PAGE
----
Why the gym is the worst place in the world
Gyms are a modern hall of mirrors that amplify bulging muscles and oversized egos. Dominic Utton can't think of a more vile place to spend time
By Dominic Utton -05 Jun 2014
First things first. I am not anti-exercise. I’m all for healthiness. Look good, feel good, live long and prosper, that’s what I say. Toned bodies are generally more attractive than flabby torsos (there are exceptions). Keeping yourself in shape is a worthy and worthwhile thing to do. And sport, as someone once said, is where men become as gods.
However. I can’t stand going to the gym. Hang on, I’ll rephrase that: I can’t stand gyms at all. They are terrible places, they bring out the very worst in us. They are temples to vanity, cathedrals of narcissism.
Just in case your ancient Greek is a touch rusty, a little context: Narcissus was a particularly beautiful young chap, who after seeing his own reflection in a pool one day, fell headlong in love with it. Unable to tear his gaze from the splendour of his own image, he eventually chose to die rather than look away. His name has subsequently become a byword for a kind of ruinous, all-consuming fixation with oneself, a proud and awful self-love.
Now let’s consider the gym.
I’m not talking about the places professional athletes train. Nor do I mean the backstreet boxing clubs of Hulme or the Old Kent Road or the other venues that exist to give people an escape, or a purpose to their lives
I mean the kind of gyms that you and I go to. The ones that cost thousands of pounds a year to join. The ones with celebrity endorsement and state-of-the-art facilities. The ones full of estate agents and media types and corporate professionals. They’re the terrible ones.
All those gleaming static bicycles, those rows of treadmills and cross-trainers. The weights, the kettle-bells, the rowing machines and power plates. All that technology, all that expertly engineered mechanics dedicated to the improvement of the human body … and what’s the most important thing in the room? What’s the one part of the gym that nobody can tear their eyes away from?
The mirrors. The mirrors are what the gym’s all about. All those people, working up a sweat, pumped full of endorphins, gazing at themselves. Drunk on self-love and paying handsomely for it.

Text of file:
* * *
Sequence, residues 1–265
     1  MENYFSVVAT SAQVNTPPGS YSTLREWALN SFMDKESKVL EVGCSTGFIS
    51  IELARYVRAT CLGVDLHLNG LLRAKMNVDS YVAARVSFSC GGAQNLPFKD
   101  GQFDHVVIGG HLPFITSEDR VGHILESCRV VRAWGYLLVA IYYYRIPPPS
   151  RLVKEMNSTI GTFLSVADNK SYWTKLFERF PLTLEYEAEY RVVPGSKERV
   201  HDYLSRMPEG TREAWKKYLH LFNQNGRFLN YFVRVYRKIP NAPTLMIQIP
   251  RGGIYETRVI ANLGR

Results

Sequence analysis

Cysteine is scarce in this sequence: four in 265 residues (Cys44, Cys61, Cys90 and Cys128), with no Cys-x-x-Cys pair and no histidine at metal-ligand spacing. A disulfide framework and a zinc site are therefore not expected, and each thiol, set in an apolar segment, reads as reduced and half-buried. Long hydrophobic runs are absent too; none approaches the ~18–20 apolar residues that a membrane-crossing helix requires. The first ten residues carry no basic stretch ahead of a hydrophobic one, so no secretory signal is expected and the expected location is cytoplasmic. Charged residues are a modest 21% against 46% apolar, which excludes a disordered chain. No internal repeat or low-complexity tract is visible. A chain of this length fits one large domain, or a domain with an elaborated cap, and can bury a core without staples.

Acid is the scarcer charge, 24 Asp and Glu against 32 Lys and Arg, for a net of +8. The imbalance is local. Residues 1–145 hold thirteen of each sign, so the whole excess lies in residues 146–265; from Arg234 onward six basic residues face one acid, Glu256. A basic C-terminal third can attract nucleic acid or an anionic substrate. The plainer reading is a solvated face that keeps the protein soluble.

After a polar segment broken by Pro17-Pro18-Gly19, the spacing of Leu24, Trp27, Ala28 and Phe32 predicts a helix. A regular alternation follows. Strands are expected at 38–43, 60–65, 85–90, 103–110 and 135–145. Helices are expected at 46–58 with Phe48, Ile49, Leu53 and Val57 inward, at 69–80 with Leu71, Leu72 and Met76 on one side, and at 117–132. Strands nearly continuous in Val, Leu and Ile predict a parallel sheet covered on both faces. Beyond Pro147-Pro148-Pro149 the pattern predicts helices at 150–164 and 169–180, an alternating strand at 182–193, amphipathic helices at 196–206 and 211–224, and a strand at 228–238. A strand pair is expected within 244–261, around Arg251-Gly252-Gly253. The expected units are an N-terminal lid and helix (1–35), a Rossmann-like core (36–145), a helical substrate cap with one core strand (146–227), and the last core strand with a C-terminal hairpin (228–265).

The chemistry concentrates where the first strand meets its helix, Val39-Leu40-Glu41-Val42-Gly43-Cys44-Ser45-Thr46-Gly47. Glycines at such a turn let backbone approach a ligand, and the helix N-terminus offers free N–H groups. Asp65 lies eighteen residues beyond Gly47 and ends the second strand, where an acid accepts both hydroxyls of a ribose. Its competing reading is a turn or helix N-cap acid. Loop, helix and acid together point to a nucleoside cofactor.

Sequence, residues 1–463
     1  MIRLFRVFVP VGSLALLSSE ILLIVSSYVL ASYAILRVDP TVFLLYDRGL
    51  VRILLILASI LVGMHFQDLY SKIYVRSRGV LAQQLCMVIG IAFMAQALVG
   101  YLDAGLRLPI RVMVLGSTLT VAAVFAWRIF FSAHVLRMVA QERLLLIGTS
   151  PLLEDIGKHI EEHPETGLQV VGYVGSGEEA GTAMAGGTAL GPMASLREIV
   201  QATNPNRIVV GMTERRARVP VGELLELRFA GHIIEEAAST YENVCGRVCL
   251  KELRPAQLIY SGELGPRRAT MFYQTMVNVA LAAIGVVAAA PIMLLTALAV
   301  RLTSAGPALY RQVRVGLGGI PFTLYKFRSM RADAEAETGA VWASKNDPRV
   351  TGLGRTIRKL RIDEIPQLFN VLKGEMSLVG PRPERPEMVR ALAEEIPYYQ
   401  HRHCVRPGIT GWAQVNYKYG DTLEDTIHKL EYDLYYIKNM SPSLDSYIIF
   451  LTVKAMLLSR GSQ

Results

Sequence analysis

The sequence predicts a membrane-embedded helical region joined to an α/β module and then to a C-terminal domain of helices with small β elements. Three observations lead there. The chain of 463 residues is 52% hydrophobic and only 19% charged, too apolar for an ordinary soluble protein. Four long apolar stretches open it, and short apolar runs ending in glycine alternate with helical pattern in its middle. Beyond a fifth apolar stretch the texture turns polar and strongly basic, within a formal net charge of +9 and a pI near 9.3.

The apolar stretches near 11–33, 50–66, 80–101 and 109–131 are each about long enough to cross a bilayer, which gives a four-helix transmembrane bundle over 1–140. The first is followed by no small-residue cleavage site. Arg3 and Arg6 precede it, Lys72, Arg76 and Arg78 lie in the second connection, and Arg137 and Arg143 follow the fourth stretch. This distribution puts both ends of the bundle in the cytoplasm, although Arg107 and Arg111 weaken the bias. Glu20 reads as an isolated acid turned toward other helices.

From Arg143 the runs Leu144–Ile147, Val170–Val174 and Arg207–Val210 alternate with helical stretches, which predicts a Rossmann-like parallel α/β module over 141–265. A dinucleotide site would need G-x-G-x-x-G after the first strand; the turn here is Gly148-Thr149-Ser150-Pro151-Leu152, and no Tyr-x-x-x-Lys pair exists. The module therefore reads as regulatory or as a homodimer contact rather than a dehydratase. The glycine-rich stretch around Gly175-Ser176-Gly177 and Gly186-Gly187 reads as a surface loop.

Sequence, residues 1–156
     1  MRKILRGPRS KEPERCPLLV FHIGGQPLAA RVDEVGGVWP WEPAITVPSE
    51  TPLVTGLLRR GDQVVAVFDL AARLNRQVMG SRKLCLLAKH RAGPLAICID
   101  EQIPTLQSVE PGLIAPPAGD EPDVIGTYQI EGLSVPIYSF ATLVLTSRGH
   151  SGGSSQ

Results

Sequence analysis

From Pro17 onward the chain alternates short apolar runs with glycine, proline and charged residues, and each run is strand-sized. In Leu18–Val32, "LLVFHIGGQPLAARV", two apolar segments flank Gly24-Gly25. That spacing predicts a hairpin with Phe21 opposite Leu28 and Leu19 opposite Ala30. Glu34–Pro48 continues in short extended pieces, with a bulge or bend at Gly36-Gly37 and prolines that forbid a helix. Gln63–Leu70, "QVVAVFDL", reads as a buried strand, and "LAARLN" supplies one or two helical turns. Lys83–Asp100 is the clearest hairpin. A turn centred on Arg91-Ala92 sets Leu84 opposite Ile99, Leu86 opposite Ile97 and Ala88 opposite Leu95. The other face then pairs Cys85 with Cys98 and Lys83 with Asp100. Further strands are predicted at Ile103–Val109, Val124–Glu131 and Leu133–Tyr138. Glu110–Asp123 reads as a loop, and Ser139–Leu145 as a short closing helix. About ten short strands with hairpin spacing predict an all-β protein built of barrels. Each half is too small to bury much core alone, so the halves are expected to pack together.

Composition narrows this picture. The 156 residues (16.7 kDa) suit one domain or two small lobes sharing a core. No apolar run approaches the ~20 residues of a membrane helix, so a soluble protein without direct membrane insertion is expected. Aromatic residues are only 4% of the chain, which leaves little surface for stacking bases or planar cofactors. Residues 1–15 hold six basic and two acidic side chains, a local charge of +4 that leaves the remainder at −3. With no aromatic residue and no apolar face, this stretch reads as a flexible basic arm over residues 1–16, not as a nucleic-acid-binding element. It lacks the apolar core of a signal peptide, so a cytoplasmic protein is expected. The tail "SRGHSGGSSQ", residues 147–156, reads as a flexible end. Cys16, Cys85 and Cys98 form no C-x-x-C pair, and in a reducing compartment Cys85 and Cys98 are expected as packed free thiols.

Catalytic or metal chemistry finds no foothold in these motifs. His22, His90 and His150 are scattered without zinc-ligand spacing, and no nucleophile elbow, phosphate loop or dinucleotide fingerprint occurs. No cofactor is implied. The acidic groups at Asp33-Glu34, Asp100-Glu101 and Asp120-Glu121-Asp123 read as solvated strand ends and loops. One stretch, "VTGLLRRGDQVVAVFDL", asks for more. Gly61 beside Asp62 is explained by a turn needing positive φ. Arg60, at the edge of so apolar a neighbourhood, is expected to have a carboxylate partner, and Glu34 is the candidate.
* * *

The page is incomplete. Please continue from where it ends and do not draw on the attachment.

They’re not there to get healthy – they’re there to make themselves look good. And, more importantly, to look at themselves making themselves look good. In a culture where appearance is more important than substance, the gym becomes a place of worship. And what people are worshipping there is themselves.
Narcissus would approve. Narcissus would be right there on the cross-trainers with them.
Think I’m exaggerating? Then consider the prospect of such a gym without mirrors. If it really were just about getting fit, then all those post-work warriors pounding out the miles on the treadmills would simply … go for a run. All those wannabe Wigginses on the static bikes would spend a month or two’s membership on an actual bike, that actually goes places.
It’s not just the mirrors. According to a survey by sports nutrition company Multipower UK, we’re now becoming obsessed with taking selfies at the gym (so we can keep looking at ourselves even after we get home) – and then posting them on social media so we can share our vanity with the world. A spokesman for the company says: “For many, the gym-selfie has become as part of their workout routine as the treadmill.”
That bears repeating: taking a picture of yourself working out is now as much a part of going to the gym as actually working out.
So, apparently, has hitting on fellow exercisers. It’s not only muscles being pulled in Virgin Active and LA Fitness. The same survey revealed that more than half of male gym-goers described picking up women as “one of the perks of going to the gym”.
Work up a sweat. Gaze at your reflection in the mirror. Take a photo of yourself to show the world. Find a similarly hot chick with whom you can validate your opinion of your own beauty …
And then hit the showers ... where the gym becomes really unbearable.
If the action on the floor is about self-love, back in the changing room it’s all willy-waving one-upmanship. Literally willy-waving, often as not. Strutting middle-aged middle-managers with one leg on a bench, vigorously towelling themselves off whilst talking loudly about their latest work/family/love life triumph. It’s … horrendous. It’s the worst place in the world.
As I say: I’m not in any way anti-exercise (I play football every week, I’ve been known to be pretty handy with a tennis racket, my brother runs marathons – and he runs them fast, too). But I am anti-narcissism.
And that place you’re paying £100 a month to gaze at mirrored reflections of yourself in your tight little shorts and your soaking vest, that place where you take selfies and eye up the similarly self-absorbed girls (those “perks of going to the gym”), that place where you strut around naked in the changing rooms … I’m anti-that.